Global Conservation Status
The codes are used in accordance with Birdlife International (see: http://www.rdb.or.id):
CR: Critically Endangered.
In most cases there is insufficient data to suggest actual population trend (as opposed to perceived increase due to increased observer activity). Two codes are used to indicate only remarkable changes in selected species’ actual abundance between the period up to and including 1950 (based especially but not exclusively on Austin  and Wolfe ), compared to the present (based especially but not exclusively on Tomek [1999, 2002] and Park ).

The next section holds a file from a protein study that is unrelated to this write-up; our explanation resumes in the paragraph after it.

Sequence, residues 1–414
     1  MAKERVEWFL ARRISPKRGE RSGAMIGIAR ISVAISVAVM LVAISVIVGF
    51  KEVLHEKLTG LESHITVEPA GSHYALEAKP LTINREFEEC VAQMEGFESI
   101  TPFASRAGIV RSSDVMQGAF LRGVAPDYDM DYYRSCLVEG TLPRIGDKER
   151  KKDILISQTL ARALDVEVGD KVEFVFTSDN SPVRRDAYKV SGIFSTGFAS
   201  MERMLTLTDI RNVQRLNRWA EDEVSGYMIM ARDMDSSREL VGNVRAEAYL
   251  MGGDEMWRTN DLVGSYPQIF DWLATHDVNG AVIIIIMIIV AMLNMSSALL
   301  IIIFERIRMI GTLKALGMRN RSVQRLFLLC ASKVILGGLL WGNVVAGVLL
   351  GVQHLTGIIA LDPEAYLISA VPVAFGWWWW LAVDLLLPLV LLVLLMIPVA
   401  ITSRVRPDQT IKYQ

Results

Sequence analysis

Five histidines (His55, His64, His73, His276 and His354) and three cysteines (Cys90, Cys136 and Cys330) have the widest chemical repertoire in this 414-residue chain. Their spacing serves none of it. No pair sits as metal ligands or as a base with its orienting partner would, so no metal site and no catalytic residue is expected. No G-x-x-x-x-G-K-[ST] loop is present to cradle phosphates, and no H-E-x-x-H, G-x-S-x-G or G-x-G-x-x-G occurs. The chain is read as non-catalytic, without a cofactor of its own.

Seasonality and Abundance
Five different letters are used in a wide range of combinations to suggest a species’ seasonality:
R(m): Resident and partial migrant.
P: Passage Migrant (i.e. spring or autumn or both).
W: Winter visitor.
S: Summer visitor or summer resident.
Five numbers (1-5) are used to express estimated abundance since 1980:
1: Numerous (ca 100,000 or more records or individuals estimated to occur annually).
2: Rather common/locally common (between 10,000 and 100,000 records or individuals estimated to occur annually).
3: Fairly common (between 1000 and 10,000 records or individuals estimated to occur annually).
4: Uncommon or rather local (between 100 and 1000 records or individuals estimated to occur annually).
5: Scarce or very local (recorded annually, with probably 100 or more records in total up between 1980 and the present, and less than 100 records estimated to occur annually).